Massive – Full Throttle

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Massive Full Throttle Album Cover

Overall Score: 8/10
Consistency: 8/10
Riffs: 7/10
Hard Rawk: 9/10
Pros: Massive Riffs Everywhere | Terrific Hooks
Cons: Possibly Too Straightforward

After making waves in Australia in 2013, rockers MASSIVE have been picked up by extreme metal legends Earache Records to release their new album, “Full Throttle”, to a global audience. One listen to the opening track “One By One” and it’s obvious why these guys are now on a global label’s roster and, while Earache may seem like an odd choice at first glance, previous artists such as the mighty Dub War show that Digby Pearson isn’t afraid to venture away from the extremity he’s known to sign to his label.

Massive don’t exactly bring anything new to the table, rather they stick to the tried and tested hard rock of the 70s and 80s, but they do it with such verve and energy that you can’t help but enjoy it. The choruses to “Hollywood”, “Lacey” and “Best of Both Words” are pure anthemic hard rock which anyone will find themselves singing along to after a couple of listens, and the slower, ballad-y songs like “Ghost” are just magnificent.

The songwriting and riffage is absolutely first rate with some top quality soloing thrown in for good measure, while the production allows every instrument to be heard. The bass is allowed to take front foot in “Dancefloor” but is still perfectly audible and rumbles along nicely in the rest of the album while nothing is drowned out, and all instruments are given plenty of room to breathe while Brad Marr’s wails are marvellously performed. At 15 tracks, including 4 all new bonus tracks for the re-issue, you’ll certainly get your money’s worth too. The two original tracks don’t stray far from the sound presented on the rest of the album (why would they want to?) and the two covers, one of AC/DC’s “If You Want Blood (You’ve Got It)” and the other of Aerosmith’s “Rats In The Cellar”, are somewhat unnecessary but are still well performed odes to Massive’s influences (which, let’s be honest, they do wear on their collective sleeve quite clearly for all to see).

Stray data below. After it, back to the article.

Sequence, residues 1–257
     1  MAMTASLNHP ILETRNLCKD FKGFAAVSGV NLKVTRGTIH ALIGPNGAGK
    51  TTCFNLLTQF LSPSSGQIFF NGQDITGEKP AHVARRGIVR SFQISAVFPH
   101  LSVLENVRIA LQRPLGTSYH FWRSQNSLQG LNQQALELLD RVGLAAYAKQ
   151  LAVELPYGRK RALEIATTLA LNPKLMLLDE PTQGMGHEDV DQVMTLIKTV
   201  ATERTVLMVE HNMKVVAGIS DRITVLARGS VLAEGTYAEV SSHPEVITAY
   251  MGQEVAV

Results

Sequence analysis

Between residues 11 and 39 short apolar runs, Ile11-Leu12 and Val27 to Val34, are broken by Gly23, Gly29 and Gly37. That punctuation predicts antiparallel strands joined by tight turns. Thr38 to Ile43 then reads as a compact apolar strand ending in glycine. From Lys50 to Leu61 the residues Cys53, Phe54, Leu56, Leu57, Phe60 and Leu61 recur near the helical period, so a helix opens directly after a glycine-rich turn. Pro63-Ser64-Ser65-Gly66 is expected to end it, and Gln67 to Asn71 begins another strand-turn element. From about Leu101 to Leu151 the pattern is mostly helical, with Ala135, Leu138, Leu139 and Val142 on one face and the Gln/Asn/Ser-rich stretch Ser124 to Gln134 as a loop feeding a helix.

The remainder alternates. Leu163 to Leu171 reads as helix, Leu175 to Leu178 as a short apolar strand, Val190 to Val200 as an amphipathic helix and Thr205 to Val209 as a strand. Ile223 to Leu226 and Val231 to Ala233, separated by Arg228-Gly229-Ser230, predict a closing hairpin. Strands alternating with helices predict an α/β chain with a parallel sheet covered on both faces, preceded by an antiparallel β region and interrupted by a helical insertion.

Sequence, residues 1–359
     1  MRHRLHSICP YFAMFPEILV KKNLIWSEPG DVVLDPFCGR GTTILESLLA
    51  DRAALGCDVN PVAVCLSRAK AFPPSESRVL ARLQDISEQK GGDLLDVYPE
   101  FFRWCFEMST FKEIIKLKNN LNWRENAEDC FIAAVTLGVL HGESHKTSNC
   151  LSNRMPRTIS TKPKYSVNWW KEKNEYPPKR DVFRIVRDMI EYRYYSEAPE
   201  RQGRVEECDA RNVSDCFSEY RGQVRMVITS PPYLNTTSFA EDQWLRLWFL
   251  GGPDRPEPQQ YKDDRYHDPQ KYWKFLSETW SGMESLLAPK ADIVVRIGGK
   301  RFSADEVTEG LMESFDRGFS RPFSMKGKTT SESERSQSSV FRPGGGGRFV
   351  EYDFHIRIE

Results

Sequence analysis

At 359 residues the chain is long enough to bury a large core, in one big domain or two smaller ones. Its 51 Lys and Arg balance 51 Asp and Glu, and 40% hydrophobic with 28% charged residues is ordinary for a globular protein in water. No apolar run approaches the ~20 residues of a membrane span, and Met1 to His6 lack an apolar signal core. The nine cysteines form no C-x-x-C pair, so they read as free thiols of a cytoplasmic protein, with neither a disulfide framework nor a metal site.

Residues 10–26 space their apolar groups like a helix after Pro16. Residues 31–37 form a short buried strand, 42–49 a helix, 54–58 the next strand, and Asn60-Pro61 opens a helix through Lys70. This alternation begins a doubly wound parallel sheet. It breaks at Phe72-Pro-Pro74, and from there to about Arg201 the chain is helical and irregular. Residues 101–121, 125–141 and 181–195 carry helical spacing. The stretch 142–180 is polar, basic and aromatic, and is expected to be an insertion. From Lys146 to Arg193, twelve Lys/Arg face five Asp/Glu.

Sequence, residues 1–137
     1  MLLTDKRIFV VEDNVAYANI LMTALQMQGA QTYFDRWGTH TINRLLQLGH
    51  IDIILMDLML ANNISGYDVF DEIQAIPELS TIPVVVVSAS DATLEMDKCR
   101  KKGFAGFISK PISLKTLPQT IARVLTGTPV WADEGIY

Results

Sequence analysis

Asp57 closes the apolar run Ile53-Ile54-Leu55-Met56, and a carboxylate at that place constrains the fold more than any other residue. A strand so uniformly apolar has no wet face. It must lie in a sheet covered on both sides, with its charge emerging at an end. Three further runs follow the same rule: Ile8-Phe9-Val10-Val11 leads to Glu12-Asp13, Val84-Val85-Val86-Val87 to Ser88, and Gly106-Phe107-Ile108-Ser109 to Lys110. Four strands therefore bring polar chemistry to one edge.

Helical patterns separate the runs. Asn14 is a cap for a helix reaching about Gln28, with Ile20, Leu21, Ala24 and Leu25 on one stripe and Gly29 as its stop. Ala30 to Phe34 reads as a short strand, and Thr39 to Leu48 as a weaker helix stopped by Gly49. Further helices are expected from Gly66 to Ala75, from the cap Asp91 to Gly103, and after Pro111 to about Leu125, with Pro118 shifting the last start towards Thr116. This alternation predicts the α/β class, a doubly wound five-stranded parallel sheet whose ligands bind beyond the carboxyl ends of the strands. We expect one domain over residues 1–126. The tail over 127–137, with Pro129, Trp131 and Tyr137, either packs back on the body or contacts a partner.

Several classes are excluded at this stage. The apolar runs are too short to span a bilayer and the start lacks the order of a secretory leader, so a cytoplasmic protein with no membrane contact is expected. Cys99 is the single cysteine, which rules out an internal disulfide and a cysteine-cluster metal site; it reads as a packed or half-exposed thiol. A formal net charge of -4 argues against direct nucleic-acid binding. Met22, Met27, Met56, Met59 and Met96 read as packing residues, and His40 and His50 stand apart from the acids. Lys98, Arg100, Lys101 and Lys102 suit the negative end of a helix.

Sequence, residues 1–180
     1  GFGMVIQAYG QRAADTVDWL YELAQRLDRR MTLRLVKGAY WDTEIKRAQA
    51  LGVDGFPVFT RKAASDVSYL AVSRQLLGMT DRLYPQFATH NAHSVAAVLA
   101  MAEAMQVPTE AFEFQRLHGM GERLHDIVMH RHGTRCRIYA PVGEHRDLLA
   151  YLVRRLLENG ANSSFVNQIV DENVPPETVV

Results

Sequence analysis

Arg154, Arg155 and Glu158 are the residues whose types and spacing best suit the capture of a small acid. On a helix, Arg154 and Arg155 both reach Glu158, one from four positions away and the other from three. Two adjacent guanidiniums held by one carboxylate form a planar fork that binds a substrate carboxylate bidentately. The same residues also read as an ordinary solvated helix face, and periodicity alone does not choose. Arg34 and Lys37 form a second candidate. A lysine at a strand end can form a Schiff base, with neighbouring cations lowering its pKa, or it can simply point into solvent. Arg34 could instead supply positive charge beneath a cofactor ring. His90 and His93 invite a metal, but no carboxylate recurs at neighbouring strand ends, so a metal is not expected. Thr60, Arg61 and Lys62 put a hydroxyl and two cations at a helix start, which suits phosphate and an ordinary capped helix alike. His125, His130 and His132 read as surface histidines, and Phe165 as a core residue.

The only drawback that’s to be found on this album is, is it too straightforward and simplistic? Yes it may well be, but if you have a problem with that then you might not fully understand how hard rock works. This album is definitely worth picking up.

Massive’s Full Throttle is out now worldwide via Earache Records.

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